Preflight Ground School Unit 1

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Welcome to Pre-Flight Ground School

Preflight Ground School Unit 1

Important times
Grading Scale (pg 6)
Books you will need
Preflight handbook
Big Bend Bible – Training Course Outline (TCO) Must be carried in the plane
Airplane Flying Handbook FAA-H_8083-3
Logbook (Must be carried on all solo flights)
B-19 Flight Manual

The 4 forces:

Bernoulli’s Principle – the higher the velocity the less pressure on that surface
Newton’s 3rd law – for every action there is an equal and opposite reaction
This explains why downwash and deflection are also ways lift is created.
Lift On An Airfoil

Camber – curvature of the wing
Chord line – straight line from leading to trailing edge
Relative wind – wind as it travels over the wing

Angle of Attack – angle between chord and relative wind
Critical angle of attack – where stall occurs
Gravitational force exerted by the earth
We have 1g acting on us right now

Resistance of the air particles striking and flowing around the airplane
1. Parasite drag – resistance to skin friction
2. Induced drag – result of lift

Generated by propeller
Fixed pitch prop vs variable pitch prop
Rotating wing
Primary Flight Controls
Ailerons control bank and are located on the outboard trailing edge of the wing
Rudder controls yaw and is located on the trailing edge of the vertical stabilizer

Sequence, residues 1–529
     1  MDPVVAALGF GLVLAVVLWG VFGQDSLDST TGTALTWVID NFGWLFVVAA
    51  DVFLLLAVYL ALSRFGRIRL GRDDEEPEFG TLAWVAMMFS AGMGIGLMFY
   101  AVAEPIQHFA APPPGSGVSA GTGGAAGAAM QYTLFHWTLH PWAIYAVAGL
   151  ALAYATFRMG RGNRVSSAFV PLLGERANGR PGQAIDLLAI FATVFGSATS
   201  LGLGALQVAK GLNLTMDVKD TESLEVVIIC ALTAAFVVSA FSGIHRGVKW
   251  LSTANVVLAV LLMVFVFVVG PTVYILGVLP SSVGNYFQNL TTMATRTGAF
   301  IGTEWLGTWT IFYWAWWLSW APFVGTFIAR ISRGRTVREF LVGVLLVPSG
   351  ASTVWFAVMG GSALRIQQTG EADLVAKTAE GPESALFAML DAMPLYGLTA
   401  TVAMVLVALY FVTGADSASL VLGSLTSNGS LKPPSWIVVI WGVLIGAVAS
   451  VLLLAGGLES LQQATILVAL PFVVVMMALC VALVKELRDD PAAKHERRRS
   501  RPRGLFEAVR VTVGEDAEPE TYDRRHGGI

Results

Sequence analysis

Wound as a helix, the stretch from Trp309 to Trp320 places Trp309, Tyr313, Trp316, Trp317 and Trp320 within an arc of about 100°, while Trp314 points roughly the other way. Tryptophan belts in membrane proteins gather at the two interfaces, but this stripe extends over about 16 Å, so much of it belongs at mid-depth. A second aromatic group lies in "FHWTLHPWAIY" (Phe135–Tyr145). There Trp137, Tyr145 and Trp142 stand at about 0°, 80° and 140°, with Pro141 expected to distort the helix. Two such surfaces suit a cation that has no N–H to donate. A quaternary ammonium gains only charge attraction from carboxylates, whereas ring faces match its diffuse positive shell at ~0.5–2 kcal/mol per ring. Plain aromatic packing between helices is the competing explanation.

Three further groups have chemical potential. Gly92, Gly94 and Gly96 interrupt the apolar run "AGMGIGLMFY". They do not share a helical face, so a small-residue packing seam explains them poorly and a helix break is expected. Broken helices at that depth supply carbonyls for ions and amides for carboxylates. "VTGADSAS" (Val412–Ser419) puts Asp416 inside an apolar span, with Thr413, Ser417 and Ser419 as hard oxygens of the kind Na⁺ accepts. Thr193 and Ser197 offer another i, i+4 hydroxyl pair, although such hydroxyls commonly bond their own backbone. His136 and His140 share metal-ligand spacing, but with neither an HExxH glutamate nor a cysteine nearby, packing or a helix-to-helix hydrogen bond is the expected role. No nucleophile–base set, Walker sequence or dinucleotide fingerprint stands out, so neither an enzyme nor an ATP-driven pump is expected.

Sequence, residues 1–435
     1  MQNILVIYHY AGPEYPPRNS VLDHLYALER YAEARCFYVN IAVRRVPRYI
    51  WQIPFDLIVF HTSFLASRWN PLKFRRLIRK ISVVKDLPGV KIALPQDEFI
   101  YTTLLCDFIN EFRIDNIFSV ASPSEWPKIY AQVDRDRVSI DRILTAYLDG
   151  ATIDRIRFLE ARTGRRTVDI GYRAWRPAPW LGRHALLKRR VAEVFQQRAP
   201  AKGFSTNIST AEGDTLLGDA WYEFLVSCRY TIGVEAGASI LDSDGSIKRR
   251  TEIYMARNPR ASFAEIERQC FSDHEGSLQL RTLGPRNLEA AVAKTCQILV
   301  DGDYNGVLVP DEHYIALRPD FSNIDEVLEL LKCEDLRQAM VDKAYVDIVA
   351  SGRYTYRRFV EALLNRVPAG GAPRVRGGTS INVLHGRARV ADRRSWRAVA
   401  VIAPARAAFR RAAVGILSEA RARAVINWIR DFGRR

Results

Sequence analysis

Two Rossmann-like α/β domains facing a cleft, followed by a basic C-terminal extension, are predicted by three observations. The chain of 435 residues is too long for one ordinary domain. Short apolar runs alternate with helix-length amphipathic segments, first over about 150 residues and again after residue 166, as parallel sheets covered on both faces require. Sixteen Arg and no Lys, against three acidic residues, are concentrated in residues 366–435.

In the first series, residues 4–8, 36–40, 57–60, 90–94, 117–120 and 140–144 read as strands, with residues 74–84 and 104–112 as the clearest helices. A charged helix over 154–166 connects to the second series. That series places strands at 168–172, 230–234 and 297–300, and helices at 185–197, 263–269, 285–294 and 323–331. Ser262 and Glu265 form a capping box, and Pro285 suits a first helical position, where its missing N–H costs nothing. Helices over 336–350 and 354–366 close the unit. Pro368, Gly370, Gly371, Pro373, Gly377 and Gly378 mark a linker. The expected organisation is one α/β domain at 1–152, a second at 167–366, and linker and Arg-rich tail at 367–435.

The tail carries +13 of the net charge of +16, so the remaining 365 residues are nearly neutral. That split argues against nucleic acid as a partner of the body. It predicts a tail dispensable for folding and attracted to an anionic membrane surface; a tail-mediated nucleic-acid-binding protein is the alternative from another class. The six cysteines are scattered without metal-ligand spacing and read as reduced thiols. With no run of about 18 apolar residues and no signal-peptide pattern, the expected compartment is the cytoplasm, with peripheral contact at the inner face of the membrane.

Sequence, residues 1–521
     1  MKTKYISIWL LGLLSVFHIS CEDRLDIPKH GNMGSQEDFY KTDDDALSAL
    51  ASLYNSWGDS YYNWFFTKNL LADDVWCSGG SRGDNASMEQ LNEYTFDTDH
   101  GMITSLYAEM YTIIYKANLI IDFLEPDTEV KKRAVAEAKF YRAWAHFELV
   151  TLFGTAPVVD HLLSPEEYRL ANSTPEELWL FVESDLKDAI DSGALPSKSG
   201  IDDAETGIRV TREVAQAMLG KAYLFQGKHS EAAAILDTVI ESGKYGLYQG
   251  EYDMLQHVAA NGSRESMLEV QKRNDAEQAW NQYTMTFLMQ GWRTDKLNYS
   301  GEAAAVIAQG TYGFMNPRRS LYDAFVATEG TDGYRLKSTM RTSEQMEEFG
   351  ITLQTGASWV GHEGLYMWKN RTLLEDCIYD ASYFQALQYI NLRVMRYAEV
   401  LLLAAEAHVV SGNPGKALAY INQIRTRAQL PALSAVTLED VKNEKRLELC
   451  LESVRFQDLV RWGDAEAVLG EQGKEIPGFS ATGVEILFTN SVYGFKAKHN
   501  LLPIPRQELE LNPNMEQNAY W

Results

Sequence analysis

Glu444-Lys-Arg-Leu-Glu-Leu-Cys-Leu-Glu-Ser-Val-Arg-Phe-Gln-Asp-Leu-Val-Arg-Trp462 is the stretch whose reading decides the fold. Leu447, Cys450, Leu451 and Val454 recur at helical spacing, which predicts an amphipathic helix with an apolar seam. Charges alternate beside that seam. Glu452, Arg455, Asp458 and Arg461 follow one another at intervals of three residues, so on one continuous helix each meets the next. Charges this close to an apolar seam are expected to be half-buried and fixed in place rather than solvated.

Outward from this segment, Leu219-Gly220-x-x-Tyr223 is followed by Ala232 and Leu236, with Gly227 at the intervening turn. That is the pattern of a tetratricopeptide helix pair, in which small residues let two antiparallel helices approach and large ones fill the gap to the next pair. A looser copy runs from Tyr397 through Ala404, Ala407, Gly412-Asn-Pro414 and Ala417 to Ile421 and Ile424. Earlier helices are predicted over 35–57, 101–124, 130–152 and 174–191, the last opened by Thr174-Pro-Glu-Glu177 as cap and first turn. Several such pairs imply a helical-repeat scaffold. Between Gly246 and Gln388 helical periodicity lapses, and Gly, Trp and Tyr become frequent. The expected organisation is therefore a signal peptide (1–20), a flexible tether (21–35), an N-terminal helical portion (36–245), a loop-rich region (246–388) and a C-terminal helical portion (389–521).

Elevator/Stabilator controls pitch is located on the trailing edge of the horizontal stabilizer or empenage

Axis of Control
Longitudinal axis runs nose to tail
Ailerons control bank about the longitudinal axis
Vertical axis runs through the roof and belly usually through the cabin area
Rudder controls yaw about the vertical axis
Lateral axis runs wingtip to wingtip
Elevator controls pitch about the lateral axis

Secondary Flight Controls
Trim tabs
Fixed trim tabs
Adjustable trim tabs
Other more exotic include:
Servo tabs
Balance tabs

Secondary Flight Controls
Flaps increase lift and increase drag
Flaps change the camber allowing more lift to be generated
Flaps allow a steeper angle of descent and a slower approach speed
Located inboard trailing edge of the wing
4 types:
Plain, Split, Slotted, and Fowler

Ground Operations
High percentage of accidents happen here
Look for the flashing beacon
Yell clear before turning prop with starter
Be alert when walking on the ramp
Have a wing walker on each wing
Make sure magneto switch is in off position before attaching tow bar

Ground Operations
The checklist
Do not memorize
However be very familiar with it
Use it as an aid

Ground Operations
The Propeller
Make sure magneto switch is off first
Grab prop at the hub to push or pull the aircraft

Ground Operations
On the same peddle
Brakes on top, Rudder on the bottom
Use brakes for stopping only
Do not use to turn
Do not use heavily after landing
Brake failure – loss of fluid, leaky master cylinder, air in the lines

A – Airworthiness Certificate
R – Registration Federal and State
R – Radio Station License
O – Operating Limitations
W – Weight and Balance
Be careful: Logbooks are not required, State registration not required (by the feds), Radio station license not required

Fuel Diagram
Be able to reproduce this diagram from memory

Turn to Page 17
4 cycle, 5 event